A Perth residential school will be investigated as part of a nationwide probe into historic child abuse, it has emerged.
Balnacraig School has appeared on a list of 17 extra institutions that will be scrutinised by the Scottish Child Abuse Inquiry (SCAI).
It brings the total number of establishments where abuse is believed to have taken place to 86.
Lady Smith, who chairs the inquiry, has also confirmed Queen Victoria School in Dunblane and Ovenstone Residential School in Fife have also been identified.
The latest expansion of the far-reaching probe comes three years after former Balnacraig School head teacher David Cowling was jailed for molesting two pupils in the 1970s.
Perth Sheriff Court was told his relationship with one victim was so blatant he was forced to resign, but it was not reported as a crime for four decades.
The sheriff told Cowling he had “abused the trust” of vulnerable children.
Last year, it emerged Morrison’s Academy in Crieff was also part of the inquiry. The probe centres on the time when Morrison’s was a boarding school.
Alison Morley, chief executive at Balnacraig said: “The welfare and safety of young people is at the core of our work and our safeguarding and child protection policies and procedures are robust, comprehensive and fully compliant with current Scottish legislation and national guidance.
“The care we provide at Balnacraig was recently inspected with no concerns.
“We are committed to assisting the inquiry as it continues its investigations, however our priority always remains to supporting the young people currently at Balnacraig.”
A spokesman for Dunblane’s Queen Victoria School, which is operated by the Ministry of Defence, responded to the SCAI’s expanding probe: “All historic allegations of sexual abuse involving the school were reported to the police at the time,” he said.
“We take any allegations of this nature extremely seriously and always co-operate fully with any police inquiry.”
Gordon Wardrope, education manager with Fife Council, said: “We’re aware of the investigation into the former Ovenstone Residential School, and will assist the Scottish Child Abuse Inquiry (SCAI).”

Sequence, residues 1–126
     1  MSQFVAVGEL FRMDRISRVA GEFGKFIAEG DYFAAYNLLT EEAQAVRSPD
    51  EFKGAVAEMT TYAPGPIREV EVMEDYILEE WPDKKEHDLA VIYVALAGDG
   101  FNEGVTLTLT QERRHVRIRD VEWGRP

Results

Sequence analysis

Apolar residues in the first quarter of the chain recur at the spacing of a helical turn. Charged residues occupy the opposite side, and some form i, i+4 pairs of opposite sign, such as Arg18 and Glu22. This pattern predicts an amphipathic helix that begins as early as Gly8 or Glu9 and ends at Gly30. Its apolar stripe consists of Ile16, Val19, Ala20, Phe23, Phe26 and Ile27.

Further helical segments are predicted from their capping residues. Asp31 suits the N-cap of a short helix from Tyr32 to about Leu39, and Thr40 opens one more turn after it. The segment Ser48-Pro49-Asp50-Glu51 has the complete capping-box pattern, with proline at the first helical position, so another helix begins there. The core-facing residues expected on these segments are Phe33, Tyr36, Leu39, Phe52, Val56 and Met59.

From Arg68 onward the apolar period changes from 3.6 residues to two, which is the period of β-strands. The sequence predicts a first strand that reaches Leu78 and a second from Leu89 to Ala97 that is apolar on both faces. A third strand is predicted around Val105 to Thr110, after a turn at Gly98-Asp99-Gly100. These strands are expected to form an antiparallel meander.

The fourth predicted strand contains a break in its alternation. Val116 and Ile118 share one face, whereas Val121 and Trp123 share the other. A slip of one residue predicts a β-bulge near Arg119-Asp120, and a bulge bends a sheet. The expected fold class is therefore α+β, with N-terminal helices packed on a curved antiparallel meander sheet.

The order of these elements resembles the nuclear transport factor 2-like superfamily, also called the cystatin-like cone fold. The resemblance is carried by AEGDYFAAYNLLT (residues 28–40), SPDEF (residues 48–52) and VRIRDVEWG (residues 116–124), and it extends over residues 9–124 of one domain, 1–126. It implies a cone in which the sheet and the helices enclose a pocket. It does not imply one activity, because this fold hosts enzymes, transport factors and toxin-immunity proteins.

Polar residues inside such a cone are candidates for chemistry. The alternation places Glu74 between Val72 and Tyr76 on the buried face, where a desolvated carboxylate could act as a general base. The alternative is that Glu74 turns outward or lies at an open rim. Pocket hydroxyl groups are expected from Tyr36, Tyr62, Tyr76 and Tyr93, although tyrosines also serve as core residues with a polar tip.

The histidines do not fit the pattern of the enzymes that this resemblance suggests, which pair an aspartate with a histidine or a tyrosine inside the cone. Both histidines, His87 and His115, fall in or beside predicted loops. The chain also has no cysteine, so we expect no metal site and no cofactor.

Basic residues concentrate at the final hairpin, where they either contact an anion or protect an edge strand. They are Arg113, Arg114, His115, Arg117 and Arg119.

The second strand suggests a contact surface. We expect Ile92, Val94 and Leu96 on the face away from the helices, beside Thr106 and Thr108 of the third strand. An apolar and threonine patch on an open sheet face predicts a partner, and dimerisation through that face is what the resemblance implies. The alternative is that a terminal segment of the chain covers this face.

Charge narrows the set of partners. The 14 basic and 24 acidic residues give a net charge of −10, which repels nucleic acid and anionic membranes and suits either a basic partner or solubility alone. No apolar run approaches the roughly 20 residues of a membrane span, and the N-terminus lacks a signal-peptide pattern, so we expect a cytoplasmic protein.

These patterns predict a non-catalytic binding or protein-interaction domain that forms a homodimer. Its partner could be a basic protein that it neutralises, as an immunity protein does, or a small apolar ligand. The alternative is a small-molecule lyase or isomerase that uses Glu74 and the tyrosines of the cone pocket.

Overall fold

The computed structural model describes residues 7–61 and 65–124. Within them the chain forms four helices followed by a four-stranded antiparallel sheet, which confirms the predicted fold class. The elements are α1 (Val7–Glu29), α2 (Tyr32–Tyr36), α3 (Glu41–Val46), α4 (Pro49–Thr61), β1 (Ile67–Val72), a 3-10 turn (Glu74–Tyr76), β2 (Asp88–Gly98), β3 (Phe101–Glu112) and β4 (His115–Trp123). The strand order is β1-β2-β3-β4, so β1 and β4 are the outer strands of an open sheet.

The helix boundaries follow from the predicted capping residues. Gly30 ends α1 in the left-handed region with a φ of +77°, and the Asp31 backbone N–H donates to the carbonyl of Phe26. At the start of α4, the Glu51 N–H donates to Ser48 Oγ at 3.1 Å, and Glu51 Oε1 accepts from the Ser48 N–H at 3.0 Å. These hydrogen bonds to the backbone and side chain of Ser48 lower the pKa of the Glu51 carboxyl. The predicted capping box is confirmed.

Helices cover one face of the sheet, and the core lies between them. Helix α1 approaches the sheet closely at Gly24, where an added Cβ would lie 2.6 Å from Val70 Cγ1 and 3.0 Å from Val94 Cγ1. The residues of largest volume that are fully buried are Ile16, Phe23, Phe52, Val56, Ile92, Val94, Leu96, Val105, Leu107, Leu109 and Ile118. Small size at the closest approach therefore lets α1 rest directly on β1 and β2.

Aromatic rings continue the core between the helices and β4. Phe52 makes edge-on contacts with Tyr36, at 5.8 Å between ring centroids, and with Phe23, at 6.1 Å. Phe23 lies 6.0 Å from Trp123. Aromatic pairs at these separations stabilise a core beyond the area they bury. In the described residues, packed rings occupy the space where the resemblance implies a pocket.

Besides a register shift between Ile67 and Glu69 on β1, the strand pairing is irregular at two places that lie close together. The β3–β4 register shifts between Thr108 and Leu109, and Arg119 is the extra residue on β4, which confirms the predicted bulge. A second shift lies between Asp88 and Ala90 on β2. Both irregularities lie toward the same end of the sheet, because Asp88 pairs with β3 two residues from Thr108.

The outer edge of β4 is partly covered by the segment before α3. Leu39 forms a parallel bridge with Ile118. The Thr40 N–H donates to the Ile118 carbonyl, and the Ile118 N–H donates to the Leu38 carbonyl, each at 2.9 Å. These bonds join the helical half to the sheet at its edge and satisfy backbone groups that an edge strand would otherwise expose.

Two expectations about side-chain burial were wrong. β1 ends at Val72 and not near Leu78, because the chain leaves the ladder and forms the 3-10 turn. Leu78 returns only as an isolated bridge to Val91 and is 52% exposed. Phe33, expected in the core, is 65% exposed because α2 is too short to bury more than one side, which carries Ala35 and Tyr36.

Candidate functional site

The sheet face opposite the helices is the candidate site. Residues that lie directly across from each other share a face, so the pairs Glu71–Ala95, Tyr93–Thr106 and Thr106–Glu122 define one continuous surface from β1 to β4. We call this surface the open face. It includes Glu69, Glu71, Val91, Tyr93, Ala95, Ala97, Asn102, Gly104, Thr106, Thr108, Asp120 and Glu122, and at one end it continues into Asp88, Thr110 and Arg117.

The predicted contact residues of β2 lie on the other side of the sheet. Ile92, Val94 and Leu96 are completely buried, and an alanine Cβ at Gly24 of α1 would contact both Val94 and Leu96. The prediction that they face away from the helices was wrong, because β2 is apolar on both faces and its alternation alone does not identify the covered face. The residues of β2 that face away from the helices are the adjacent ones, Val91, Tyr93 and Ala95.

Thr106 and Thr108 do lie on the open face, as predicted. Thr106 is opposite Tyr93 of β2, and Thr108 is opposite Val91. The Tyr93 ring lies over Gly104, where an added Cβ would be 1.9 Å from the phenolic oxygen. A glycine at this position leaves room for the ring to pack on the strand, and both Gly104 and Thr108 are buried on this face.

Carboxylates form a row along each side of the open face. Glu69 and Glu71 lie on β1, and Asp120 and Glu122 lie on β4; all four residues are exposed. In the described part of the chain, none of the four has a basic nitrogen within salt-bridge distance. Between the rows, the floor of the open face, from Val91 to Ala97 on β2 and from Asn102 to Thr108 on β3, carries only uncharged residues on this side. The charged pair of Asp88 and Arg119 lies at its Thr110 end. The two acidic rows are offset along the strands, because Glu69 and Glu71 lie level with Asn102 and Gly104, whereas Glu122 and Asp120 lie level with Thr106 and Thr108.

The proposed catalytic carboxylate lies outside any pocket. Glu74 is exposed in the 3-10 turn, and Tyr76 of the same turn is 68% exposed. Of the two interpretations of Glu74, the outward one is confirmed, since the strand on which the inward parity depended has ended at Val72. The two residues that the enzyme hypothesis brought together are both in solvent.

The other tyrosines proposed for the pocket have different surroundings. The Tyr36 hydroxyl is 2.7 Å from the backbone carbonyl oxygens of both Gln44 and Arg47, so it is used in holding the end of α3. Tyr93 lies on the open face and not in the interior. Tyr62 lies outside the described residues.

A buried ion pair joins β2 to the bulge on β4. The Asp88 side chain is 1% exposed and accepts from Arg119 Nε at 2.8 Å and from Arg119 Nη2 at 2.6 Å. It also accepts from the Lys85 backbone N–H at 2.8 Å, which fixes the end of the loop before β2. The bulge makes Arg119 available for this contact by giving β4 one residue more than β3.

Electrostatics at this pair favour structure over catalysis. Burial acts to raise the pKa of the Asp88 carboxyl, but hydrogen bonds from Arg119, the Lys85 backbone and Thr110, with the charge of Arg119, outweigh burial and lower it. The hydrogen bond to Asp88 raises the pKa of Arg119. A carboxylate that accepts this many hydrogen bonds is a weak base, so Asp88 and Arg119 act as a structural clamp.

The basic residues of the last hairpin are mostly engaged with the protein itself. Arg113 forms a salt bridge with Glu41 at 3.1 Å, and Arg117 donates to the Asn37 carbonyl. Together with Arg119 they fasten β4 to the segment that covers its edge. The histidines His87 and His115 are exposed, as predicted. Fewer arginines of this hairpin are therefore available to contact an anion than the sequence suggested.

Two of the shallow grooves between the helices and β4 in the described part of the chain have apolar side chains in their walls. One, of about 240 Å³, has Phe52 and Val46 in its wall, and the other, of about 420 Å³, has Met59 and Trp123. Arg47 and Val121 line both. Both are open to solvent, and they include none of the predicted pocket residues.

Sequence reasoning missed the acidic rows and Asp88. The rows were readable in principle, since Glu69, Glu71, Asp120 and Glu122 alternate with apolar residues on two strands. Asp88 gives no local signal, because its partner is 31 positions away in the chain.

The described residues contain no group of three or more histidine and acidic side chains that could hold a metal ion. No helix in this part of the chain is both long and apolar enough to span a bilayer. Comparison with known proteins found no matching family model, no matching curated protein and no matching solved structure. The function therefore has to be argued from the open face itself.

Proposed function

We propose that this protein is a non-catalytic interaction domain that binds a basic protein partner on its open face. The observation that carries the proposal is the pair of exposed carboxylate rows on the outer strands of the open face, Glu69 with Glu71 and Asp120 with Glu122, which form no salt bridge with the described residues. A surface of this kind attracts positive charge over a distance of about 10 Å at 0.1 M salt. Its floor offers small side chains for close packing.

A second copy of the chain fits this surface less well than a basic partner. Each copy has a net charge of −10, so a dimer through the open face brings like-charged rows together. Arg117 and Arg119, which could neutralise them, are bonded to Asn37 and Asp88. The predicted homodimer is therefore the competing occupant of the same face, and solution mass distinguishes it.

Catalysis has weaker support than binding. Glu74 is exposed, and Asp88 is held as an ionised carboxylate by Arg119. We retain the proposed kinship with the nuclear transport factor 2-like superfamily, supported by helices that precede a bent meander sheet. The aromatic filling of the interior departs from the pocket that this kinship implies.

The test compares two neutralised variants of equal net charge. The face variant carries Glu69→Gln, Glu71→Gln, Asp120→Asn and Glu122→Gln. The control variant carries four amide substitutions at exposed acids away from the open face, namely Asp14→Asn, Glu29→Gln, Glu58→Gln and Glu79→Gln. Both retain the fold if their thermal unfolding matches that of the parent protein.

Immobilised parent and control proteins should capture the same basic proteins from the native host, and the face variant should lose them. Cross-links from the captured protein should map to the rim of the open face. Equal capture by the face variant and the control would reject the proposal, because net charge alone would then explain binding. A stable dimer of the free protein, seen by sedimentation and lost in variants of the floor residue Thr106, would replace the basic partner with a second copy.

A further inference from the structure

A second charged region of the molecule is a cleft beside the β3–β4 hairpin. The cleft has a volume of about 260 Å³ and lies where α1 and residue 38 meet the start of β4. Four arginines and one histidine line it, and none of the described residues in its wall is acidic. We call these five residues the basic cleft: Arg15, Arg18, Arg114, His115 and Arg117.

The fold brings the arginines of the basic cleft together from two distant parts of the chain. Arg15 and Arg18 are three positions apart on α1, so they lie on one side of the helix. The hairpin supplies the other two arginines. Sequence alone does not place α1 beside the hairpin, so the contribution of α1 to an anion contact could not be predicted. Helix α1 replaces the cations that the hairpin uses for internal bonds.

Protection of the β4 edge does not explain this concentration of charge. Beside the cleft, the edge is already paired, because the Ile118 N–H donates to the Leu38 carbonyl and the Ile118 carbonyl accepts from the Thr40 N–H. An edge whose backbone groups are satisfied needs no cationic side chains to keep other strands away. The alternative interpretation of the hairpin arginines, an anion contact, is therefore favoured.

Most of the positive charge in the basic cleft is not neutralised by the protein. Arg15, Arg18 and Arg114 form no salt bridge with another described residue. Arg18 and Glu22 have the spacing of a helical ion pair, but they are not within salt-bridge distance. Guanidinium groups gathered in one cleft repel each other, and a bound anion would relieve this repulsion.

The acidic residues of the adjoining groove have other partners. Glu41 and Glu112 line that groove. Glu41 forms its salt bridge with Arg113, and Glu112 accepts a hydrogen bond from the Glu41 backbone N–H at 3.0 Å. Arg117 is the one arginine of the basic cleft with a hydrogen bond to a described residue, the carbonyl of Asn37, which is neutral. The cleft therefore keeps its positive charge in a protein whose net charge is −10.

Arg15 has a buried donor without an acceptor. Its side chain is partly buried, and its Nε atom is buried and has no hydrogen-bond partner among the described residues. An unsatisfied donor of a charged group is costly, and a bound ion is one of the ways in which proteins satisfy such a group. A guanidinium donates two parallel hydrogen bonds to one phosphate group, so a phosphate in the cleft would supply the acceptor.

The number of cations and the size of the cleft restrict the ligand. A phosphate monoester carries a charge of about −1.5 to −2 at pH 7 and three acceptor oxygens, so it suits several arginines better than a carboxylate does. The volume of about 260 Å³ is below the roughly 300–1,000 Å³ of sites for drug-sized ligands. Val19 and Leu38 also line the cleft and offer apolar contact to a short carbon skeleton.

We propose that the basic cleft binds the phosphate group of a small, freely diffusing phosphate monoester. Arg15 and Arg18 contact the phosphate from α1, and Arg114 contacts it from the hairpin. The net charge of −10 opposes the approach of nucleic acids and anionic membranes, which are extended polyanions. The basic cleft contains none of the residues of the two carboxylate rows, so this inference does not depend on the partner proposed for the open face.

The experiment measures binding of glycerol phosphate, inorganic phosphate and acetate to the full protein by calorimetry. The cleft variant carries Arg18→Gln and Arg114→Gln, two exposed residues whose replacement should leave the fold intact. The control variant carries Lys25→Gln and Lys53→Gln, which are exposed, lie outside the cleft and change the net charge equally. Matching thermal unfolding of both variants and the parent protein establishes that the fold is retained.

Lady Smith has made a public plea for information.
“Please would anyone who has any relevant information about any of these institutions contact the inquiry.
“It does not matter whether you have already made a report to the police or to anyone else, and it does not matter whether or not you have been involved in any other investigation.
“You can still talk to us and we want to hear from you.”
She added: “I am well aware that it can be difficult and very emotional to talk about experiences in care and I want to take this opportunity to give an assurance that we have a dedicated witness support team here who will help and support anyone providing evidence to us.
“They will do so throughout the process.”
The latest list includes eight non-religious and voluntary organisations, five local authority establishments, two healthcare premises and the St Andrew’s School, Shandon, Dunbartonshire.
Queen Victoria School is the only boarding school on the list.
At his court hearing in 2015, jurors heard how ex-school head Cowling targeted one pupil by kissing and cuddling her, progressing to full sex.
The encounters took place at a caravan in the school grounds, a garage and in the victim’s school bedroom.
The SCAI is tasked with examining historical allegations of the abuse of children in care.
It began taking statements from witnesses in the spring of 2016 and commenced public hearings in May last year.
It has already heard evidence on institutions run by the Daughters of Charity of St Vincent de Paul and the Sisters of Nazareth during earlier public hearings.
A third phase of the case study hearings will begin in October with an investigation of residential childcare establishments run by large-scale care providers Quarriers, Aberlour and Barnardo’s.